Since the 1993 Oslo Peace Accords, Israel has deepened colonization and the practices of contorol in myriad ways, increasing settlement expansion, constructing a separation wall, deepening urban apartheid in Jerusalem, intensifying mass incarceration, continuing a refusal of return for Palestinian refugees, and implementing a catastrophic blockade of Gaza. Israeli settler colonialism also presents a problem of knowledge production itself: Palestinians have long been dismissed as having a tenuous relationship to the production of knowledge (e.g. Said 1984). Still, recent years have seen Palestine and the Palestinians become “increasingly admissible as subjects for anthropological inquiry” (Furani and Rabinowitz 2011: 476). Indeed, ethnographic accounts on a range of subjects flourished as anthropologists began to “question Israel’s efforts to repress Palestinian nationalism and to normalize its own colonial and racial character” (ibid 481). Among those subjects is how Palestinian political expression and expression about Palestine is restricted by academic institutions and how Palestinians and their allies can respond to this situation. When the very act of writing Palestinians into a history of the present--or articulating Palestinian identity in the street--is criminalized or stigmatized, including by being equated with anti-Semitism, what are the stakes of a politically engaged anthropology of Palestine? What are our ethical obligations as Palestinian anthropologists, and allies, to engage in what Michel Foucault has problematized as parrhesia (1983)•that is, truth telling, or speaking truth to power, even when we know that to do so is to face the dangers of racial and epistemic violence? What are our responsibilities if we have the “privilege” of operating from the North American academy but face the possibility of virulent assaults on our character and reputation and indeed the prospect of losing our careers? This panel brings together a group of Palestinian anthropologists operating in Israeli and US institutions and allied scholars of the Israeli state to discuss the ethical implications of producing anthropological knowledge on Palestine and the Palestinian people across various spaces. We consider how educational institutions--primary, secondary, and tertiary--can limit how young Palestinians in Israel see themselves. Nevertheless political organizing building on Palestinian values like sumud, or steadfastness, and the building of independent academic institutions can transform possibilities for expression. We address how the Israeli security state also can impact North American higher education in spurious ways. We consider how Palestinians in the West Bank--who may have long seemed to be at the center of the Palestinian national project--are limited in their political expression by the repression of the Palestinian Authority and multifaceted violences of Israeli military occupation. While we will focus on the limitations on speech that arise depending on one’s geographic location in Israel’s 1948 territories, the Occupied Palestinian Territories, or North America, we will raise questions relevant to any anthropologist working in alliance with marginalized groups speaking truth to power and struggling for justice and liberation. If, as Deeb and Winegar argue, “Israel-Palestine politics can be considered a bellwether of anthropology’s future,” (181) parrhesia in Palestine can help advance the project of “decolonizing anthropology” (Harrison 1991).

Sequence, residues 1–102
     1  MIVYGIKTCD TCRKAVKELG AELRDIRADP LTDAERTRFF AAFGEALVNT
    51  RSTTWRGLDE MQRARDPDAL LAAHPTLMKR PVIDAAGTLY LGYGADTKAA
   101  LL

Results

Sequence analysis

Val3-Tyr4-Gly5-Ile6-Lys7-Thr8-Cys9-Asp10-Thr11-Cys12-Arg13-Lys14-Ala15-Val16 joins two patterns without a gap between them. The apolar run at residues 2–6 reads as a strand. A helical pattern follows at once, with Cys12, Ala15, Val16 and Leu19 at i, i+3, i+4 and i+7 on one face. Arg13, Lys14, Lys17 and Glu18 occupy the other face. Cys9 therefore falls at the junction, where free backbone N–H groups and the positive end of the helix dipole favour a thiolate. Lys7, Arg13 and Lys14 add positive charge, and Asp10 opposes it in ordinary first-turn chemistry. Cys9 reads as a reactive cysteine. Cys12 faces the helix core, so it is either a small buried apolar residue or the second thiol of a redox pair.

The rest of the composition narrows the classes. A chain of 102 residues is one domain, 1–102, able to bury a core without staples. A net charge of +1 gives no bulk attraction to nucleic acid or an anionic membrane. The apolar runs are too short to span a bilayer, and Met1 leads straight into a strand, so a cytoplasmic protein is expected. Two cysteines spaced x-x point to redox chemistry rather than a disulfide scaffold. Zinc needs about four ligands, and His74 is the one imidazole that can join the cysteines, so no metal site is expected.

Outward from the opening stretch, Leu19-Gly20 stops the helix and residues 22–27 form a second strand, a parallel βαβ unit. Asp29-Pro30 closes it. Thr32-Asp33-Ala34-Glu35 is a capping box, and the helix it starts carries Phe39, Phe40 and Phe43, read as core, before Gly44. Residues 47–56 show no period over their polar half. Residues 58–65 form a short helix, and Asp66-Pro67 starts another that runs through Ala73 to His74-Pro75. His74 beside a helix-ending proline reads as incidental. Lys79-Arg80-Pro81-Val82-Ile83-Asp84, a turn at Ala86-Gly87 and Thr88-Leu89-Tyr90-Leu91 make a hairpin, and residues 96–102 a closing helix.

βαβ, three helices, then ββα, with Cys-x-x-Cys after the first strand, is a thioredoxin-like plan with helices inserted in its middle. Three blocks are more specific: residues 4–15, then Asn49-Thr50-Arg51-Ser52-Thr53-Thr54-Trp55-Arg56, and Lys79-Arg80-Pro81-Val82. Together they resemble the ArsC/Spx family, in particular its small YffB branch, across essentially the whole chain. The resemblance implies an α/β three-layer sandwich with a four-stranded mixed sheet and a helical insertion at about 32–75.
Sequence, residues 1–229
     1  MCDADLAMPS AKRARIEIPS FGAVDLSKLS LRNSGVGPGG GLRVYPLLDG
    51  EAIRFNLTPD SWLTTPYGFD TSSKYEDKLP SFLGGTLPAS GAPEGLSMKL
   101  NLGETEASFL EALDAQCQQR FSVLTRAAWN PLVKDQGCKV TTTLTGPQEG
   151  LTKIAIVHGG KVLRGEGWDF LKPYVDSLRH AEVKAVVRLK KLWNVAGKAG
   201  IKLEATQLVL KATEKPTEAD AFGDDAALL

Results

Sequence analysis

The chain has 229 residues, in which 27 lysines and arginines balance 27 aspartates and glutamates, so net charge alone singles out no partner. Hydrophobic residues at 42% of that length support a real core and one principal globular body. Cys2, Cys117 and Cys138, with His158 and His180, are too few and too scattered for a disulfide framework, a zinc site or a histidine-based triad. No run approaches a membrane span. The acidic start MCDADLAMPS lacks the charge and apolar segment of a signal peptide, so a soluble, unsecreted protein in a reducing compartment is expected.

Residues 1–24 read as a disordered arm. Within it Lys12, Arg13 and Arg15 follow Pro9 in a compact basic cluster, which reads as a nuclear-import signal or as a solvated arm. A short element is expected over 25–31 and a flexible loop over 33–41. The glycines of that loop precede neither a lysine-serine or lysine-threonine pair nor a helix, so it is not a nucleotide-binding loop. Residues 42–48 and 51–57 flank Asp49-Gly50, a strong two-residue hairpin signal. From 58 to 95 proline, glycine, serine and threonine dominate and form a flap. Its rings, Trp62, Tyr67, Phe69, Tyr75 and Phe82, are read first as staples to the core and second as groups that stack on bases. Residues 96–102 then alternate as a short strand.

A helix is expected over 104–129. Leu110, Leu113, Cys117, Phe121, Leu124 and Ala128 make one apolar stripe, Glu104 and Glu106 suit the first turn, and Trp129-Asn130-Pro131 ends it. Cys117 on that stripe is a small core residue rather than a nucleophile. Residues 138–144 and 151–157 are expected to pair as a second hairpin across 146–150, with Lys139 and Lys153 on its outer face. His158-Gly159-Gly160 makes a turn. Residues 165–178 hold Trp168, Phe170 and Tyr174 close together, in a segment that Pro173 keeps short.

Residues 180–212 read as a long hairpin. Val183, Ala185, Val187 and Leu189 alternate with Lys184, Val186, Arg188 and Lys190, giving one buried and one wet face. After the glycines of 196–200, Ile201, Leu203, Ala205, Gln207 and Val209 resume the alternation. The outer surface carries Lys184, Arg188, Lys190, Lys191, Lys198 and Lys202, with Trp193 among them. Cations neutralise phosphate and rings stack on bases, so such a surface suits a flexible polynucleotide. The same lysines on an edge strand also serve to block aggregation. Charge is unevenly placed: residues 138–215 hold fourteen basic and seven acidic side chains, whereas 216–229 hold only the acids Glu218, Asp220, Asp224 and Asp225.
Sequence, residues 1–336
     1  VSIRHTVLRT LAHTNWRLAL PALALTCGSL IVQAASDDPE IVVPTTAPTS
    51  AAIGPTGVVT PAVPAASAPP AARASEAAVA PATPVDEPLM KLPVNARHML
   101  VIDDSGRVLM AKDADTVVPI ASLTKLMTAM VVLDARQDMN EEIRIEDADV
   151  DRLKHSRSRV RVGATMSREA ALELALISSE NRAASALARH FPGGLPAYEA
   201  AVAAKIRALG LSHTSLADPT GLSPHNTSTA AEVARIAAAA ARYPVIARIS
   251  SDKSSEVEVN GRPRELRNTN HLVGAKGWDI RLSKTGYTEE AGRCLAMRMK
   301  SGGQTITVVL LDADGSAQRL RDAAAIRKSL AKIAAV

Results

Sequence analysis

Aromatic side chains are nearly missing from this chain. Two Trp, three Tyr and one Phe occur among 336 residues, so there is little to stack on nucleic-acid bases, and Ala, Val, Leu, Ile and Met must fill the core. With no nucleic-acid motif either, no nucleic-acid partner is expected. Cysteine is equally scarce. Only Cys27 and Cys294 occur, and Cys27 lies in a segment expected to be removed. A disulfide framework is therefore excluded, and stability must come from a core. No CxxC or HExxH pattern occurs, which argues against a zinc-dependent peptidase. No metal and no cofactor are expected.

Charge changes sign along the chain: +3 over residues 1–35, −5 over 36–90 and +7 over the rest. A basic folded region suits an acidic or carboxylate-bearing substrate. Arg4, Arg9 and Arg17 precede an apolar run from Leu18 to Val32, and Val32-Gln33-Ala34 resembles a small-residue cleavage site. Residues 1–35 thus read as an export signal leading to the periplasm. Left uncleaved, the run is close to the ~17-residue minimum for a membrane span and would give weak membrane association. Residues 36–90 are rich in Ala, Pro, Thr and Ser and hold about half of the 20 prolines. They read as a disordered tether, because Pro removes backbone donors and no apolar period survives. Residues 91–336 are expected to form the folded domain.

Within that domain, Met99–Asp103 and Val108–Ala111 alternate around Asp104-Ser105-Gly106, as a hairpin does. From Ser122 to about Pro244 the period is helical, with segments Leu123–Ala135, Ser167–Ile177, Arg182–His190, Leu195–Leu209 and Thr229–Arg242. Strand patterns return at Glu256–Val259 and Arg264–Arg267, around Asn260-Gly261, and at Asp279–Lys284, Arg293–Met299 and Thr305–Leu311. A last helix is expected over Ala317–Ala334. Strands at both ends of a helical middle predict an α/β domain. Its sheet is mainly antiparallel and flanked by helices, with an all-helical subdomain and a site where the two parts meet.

Next from AAA Annual Meeting 2021
Communicative Repression: North Atlantic Public Opinion and the Israeli Security State
AAA Annual Meeting 2021
18 November 2021